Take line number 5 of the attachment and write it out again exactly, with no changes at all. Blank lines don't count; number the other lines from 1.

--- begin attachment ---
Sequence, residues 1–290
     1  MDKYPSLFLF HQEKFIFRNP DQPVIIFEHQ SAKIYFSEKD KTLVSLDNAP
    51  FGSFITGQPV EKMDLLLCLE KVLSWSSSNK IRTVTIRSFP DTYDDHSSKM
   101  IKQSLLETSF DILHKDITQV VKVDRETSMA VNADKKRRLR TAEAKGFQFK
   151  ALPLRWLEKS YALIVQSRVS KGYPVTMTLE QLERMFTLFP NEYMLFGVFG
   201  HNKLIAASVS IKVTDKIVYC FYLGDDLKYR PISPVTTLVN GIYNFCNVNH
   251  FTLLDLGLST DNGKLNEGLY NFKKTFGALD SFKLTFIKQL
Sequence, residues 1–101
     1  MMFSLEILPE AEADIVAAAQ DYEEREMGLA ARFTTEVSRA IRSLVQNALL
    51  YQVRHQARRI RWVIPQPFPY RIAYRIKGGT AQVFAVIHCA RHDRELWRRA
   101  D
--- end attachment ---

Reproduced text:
   151  ALPLRWLEKS YALIVQSRVS KGYPVTMTLE QLERMFTLFP NEYMLFGVFG